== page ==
Purification and Air Circulation
We already covered above that one of the most effective ways for how to remove cigarette smell from rooms is to open windows and doors as long as possible, especially while smoking. Additionally, fans can immensely increase air circulation whether they are light fixture fans or standing fans. For standing fans, you can place one with its back to an opened window to blow air from the outside, while another is on the other side of the room to exhaust the cigarette smell outside.
Air purifiers are an excellent way for those wondering how to remove cigarette smell from a room, but we have already covered those. Combining this step with bowls of activated charcoal or vinegar will prove more efficient than without. Replace the contents of these bowls every few days. As stated above, products that only cover the cigarette smell do just that, mask it, allowing for all the toxins to remain. So ensuring air circulation and purification is key to getting rid of cigarette smell and the negative effects of second and third-hand cigarette smoke.
Create Brand New Air
This is by far the most complex, expensive, risky, and effective method on how to remove cigarette smell from your home. It might even sound sci-fi to some, but I assure you it isn’t. While I can’t say that I use it, I do have a valid reason for that. I am a smoker, and I smoke in my home. This system isn’t a viable alternative if you smoke all the time in the space you inhabit because how it works makes it impossible to use the room while it does its job.
The ozone generator is the best option for non-smokers to clean the air in the space thoroughly they bought, rent, or occasionally allow people to smoke in. Ozone generators work by eliminating any odors, whether good or bad, pleasant or disgusting. To use this equipment, you need to follow the manufacturer’s instructions to the letter and leave it to do its job on its own when turned on.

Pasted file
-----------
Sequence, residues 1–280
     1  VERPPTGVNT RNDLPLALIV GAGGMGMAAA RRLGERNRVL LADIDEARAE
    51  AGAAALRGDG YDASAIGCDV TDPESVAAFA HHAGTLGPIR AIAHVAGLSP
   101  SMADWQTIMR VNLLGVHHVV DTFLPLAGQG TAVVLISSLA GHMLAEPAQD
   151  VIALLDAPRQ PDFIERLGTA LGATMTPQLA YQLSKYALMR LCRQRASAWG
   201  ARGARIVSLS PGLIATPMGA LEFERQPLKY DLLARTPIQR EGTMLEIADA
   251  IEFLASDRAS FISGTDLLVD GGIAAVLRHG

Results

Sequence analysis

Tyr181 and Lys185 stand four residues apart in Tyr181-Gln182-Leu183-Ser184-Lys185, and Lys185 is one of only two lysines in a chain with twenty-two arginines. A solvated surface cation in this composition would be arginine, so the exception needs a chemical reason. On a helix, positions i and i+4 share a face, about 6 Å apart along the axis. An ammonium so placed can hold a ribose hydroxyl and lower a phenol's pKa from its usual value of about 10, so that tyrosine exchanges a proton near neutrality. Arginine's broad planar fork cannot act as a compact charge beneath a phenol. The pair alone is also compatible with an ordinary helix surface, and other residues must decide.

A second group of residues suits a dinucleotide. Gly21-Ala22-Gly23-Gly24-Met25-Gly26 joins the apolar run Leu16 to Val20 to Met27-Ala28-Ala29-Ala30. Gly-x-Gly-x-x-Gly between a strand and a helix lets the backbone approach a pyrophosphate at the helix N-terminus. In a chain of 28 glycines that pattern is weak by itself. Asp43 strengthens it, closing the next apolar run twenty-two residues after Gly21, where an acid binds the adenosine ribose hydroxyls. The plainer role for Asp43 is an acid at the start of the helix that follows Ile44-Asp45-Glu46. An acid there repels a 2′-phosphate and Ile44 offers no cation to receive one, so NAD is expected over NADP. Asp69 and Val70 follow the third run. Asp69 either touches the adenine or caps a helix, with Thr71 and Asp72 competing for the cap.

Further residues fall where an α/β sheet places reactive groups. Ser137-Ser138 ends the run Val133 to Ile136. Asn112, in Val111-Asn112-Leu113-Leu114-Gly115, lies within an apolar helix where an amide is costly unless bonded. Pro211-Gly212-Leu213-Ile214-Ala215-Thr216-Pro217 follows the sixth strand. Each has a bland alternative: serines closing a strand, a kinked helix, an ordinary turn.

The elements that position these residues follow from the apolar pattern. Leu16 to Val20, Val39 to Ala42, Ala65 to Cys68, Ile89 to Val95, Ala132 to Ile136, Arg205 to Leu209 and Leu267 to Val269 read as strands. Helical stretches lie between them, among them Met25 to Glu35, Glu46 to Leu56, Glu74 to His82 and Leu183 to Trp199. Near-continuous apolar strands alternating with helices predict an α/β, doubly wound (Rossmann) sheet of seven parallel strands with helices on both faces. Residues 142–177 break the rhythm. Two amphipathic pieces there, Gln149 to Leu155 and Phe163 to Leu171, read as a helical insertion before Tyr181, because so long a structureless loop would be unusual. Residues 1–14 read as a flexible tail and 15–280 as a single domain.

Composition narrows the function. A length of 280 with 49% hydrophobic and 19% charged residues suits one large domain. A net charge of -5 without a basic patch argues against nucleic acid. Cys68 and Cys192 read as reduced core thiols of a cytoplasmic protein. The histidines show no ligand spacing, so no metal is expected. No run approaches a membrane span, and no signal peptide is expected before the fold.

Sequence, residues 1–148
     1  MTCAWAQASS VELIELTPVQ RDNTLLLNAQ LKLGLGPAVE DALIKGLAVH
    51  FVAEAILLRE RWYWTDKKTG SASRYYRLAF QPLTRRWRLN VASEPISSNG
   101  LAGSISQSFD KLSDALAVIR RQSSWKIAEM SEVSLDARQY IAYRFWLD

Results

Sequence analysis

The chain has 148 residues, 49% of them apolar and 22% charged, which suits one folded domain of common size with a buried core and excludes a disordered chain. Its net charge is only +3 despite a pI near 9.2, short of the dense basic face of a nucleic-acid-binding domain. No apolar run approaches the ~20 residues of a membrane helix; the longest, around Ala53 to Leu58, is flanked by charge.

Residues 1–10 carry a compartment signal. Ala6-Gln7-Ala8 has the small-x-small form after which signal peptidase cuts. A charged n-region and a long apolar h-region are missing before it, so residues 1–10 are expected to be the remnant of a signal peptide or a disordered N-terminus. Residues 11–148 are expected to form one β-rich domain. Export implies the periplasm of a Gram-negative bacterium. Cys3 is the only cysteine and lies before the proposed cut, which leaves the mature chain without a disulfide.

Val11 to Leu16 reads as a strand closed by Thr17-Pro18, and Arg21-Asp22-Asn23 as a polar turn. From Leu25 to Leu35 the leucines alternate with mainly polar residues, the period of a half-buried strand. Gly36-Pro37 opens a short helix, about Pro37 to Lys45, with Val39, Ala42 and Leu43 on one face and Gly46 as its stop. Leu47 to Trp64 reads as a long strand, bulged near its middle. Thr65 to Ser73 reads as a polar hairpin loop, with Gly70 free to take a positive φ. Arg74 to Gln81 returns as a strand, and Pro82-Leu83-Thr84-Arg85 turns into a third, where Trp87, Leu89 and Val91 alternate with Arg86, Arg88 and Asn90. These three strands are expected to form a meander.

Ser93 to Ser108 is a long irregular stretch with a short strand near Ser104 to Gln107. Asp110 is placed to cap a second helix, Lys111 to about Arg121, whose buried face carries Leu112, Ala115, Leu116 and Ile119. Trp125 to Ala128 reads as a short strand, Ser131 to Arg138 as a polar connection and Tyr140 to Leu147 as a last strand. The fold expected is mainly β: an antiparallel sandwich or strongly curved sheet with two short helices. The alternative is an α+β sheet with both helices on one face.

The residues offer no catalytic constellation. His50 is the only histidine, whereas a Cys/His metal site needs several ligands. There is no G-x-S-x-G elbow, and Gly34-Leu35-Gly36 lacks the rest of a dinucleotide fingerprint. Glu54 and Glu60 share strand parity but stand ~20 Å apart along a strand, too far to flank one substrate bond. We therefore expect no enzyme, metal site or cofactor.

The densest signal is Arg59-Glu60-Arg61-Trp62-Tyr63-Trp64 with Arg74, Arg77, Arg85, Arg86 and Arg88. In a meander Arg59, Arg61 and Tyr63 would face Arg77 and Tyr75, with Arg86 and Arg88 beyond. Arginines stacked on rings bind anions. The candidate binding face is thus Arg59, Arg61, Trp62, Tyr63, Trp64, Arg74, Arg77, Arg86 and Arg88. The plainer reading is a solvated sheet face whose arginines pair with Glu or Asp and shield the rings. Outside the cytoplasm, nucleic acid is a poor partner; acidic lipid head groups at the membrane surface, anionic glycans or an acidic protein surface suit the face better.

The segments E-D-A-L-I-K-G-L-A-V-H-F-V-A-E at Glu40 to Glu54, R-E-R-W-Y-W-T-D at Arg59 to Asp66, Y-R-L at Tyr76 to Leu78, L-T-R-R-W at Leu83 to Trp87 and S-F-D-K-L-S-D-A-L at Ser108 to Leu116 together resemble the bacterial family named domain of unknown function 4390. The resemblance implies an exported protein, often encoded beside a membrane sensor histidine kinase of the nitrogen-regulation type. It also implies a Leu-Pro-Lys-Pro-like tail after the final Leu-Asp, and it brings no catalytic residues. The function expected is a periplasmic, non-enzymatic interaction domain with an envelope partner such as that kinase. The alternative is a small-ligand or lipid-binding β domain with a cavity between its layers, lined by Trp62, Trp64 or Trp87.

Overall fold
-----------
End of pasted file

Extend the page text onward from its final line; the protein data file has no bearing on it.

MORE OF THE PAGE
This system works by oxidizing the molecules within a space and creating activated oxygen. While the science behind it might be a bit too complex, I understand it is that it inactivates any air in a room and replaces it with new clean air. This is why it’s important to let it be while it’s operating because if you walk in at the wrong time, you might realize you have no air to breathe. So make sure the room you are purifying is firmly locked and air-tight and that you can not go into that room for however long it takes to do its thing. This may depend on the type of system used, which is why it’s incredibly important to follow the manufacturer’s instructions and recommendations.
Just like forcing our opinions on others, forcing someone to stop doing something harmful to themselves is not anyone’s decision but their own. It’s simple. If someone doesn’t want to change, no amount of pressure or pestering will make them change. When it comes to addicts, the decision to fight addiction must come from them and not an external source. Trust me on this. While trying to stop smoking, I never managed to because I never wanted to do it for myself. There had been several external factors that motivated me to try. Still, the thing is, when that external factor goes away, so does the motivation, and addiction takes over once again.
Still, maintaining healthy and good air quality in your home isn’t something impossible whether you are a smoker or not. Whether you want to get rid of the smoke smell from the home you recently moved to or simply want to make sure that the stale smell from your smoking habit doesn’t remain in your home, by following the methods described above, I assure you your home will not have to deal with it for much longer.
This article is meant to help you get rid of bad odors from smoking in your home, and anyone who wants to do this should have access to the information. Like & Share this article with friends and family to help them improve the air quality in their homes. Also, if there is anything you would like to share with us on this topic, feel free to comment your thoughts in the comment section below.